Barns of Wisconsin
Barns of Wisconsin
Hardcover: $29.95
224 pp., 140 photos and illustrations, 8x10
ISBN: 9780870204531

Published by Wisconsin Historical Society Press

Orders for Trade, Library or Wholesale
Price: $29.95
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Product Details
By Jerry Apps
Photos by Steve Apps

In this new edition of his classic book, award-winning author Jerry Apps shares a unique perspective on the great barns of rural Wisconsin. Featuring more than 100 stunning full color photographs by Steve Apps, plus dozens of historic images, Barns of Wisconsin illuminates a vanishing way of life.

Featuring more than 100 stunning full-color photographs by Steve Apps, plus dozens of historic images, "Barns of Wisconsin" illuminates a vanishing way of life. The book explores myriad barn designs, from rectangular to round, gable roof to gambrel, and fieldstone to wood, always with an eye to the history and craftsmanship of the Norwegians, Germans, Swiss, Finns, and others who built and used them. "Barns of Wisconsin" captures both the iconic and the unique, including historic and noteworthy barns, and discusses the disappearance of barns from our landscape and preservation efforts to save these important symbols of American agriculture.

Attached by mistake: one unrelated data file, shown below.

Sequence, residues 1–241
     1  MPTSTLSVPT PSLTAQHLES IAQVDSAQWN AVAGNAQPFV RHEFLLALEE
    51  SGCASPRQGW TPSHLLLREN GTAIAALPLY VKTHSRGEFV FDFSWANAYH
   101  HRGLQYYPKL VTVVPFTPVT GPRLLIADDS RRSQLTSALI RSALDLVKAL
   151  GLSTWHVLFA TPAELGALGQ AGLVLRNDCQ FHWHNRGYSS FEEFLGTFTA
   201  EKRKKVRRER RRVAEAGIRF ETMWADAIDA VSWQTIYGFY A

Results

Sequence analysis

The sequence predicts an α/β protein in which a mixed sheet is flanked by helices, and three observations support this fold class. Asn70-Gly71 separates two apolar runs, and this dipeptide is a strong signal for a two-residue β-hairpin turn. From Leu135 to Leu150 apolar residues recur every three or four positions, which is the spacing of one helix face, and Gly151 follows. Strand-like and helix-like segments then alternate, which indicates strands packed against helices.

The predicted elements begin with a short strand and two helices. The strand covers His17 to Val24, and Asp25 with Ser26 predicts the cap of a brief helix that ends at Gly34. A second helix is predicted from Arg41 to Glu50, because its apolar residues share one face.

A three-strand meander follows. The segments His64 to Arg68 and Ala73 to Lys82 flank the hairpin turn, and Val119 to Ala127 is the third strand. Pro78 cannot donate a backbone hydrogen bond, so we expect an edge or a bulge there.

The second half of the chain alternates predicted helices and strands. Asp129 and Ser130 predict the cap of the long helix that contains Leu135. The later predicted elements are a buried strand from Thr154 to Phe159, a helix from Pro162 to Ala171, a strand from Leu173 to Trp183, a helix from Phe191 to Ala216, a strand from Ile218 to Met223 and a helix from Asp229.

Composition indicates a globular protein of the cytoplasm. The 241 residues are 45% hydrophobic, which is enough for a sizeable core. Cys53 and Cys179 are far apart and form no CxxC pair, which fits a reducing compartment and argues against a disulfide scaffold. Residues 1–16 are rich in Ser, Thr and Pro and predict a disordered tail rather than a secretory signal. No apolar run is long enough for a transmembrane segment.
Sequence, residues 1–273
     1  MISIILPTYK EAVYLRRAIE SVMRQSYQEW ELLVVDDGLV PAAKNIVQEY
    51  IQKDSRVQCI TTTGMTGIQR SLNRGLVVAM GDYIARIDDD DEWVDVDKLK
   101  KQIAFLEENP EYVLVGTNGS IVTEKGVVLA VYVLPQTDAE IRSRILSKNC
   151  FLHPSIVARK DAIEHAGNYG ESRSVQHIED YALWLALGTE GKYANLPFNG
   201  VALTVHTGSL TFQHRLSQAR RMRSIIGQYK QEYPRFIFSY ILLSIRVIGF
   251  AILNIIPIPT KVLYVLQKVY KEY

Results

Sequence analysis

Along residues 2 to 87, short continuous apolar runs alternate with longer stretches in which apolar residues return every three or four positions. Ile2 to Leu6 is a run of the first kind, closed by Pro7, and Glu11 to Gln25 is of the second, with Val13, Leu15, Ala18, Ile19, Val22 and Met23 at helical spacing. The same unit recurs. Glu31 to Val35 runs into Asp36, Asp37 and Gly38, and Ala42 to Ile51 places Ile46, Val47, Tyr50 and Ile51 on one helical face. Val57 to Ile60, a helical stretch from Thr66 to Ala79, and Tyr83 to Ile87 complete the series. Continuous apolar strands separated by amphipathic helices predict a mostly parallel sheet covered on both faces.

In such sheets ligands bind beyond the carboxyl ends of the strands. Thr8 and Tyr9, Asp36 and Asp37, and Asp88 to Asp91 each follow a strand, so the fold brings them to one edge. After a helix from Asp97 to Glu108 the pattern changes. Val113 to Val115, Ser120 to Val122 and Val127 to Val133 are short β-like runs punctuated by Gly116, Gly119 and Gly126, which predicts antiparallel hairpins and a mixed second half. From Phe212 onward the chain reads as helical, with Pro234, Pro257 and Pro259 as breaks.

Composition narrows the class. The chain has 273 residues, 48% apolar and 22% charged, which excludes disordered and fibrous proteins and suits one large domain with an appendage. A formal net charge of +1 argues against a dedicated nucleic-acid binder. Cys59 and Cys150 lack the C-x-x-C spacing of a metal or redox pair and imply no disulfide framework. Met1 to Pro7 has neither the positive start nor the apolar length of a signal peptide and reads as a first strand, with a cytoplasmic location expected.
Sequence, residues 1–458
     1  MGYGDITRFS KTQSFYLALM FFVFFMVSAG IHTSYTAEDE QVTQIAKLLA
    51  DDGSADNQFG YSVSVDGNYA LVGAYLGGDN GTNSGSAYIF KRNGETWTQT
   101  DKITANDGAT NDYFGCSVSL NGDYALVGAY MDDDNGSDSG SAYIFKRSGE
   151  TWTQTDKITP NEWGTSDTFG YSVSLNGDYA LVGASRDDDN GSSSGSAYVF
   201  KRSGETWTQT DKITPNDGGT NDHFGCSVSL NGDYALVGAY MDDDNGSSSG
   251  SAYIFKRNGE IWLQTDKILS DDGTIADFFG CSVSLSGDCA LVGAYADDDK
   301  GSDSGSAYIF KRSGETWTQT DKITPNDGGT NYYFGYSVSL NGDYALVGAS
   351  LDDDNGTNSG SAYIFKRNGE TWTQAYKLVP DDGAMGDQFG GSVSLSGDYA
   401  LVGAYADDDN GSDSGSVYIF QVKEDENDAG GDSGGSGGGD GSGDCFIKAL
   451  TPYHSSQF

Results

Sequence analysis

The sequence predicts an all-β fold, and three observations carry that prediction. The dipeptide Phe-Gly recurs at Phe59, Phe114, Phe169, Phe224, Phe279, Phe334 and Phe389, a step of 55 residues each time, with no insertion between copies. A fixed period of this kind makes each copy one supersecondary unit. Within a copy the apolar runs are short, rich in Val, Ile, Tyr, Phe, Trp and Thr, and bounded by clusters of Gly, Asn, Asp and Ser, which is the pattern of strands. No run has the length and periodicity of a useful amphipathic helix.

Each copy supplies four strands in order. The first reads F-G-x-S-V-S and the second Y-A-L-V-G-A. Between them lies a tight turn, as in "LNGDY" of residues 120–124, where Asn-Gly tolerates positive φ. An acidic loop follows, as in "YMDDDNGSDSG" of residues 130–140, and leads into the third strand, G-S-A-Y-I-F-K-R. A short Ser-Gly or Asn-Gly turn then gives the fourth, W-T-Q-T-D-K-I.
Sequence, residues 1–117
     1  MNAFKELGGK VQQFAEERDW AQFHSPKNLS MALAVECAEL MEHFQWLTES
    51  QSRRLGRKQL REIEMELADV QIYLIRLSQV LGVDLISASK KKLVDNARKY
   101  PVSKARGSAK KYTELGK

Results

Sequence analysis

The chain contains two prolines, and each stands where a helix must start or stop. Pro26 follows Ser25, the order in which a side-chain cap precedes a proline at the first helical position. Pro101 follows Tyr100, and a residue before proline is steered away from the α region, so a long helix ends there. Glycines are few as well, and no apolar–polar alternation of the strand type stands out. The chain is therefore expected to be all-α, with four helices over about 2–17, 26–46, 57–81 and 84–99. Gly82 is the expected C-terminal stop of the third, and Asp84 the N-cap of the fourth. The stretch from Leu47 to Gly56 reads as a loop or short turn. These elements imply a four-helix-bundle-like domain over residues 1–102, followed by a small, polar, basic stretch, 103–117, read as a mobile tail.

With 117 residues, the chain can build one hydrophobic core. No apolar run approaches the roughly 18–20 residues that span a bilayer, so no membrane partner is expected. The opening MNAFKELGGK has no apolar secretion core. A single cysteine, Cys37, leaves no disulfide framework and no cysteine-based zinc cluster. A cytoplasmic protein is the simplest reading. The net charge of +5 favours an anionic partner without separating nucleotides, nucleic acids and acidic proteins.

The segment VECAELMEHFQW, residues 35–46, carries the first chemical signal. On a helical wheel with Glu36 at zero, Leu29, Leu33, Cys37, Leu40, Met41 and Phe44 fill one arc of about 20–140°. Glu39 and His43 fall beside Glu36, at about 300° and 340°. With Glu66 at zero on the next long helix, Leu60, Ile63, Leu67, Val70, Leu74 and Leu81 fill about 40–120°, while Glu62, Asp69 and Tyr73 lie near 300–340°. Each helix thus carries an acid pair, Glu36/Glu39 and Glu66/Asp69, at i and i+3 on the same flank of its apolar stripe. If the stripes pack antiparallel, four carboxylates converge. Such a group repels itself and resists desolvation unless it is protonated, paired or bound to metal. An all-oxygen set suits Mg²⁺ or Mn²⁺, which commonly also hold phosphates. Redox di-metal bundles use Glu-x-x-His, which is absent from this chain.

Jerry Apps is professor emeritus at the University of Wisconsin-Madison and the author of more than twenty-five books, many of them on rural history and country life. Jerry's nonfiction books include "Every Farm Tells a Story," "Living a Country Year," "When Chores Were Done," "Humor from the Country," "Country Ways and Country Days," "Ringlingville USA," "Horse-Drawn Days: A Century of Farming with Horses" and "Barns of Wisconsin." He has written two books for young readers, "Tents, Tigers and the Ringling Brothers" and "Casper Jaggi: Master Swiss Cheese Maker," and the novels "The Travels of Increase Joseph" and "In a Pickle: A Family Farm Story." He received the 2007 Major Achievement Award from the Council for Wisconsin Writers and the 2007 Notable Wisconsin Author Award from the Wisconsin Library Association. Jerry was born and raised on a small farm in Waushara County, Wisconsin, about two miles from the land that is the subject of "Old Farm." He and his family have owned their farm, Roshara, since 1966, and he and his wife, Ruth, continue to live there part time. Once a small dairy farm, the property is now a tree farm with an ongoing prairie renovation.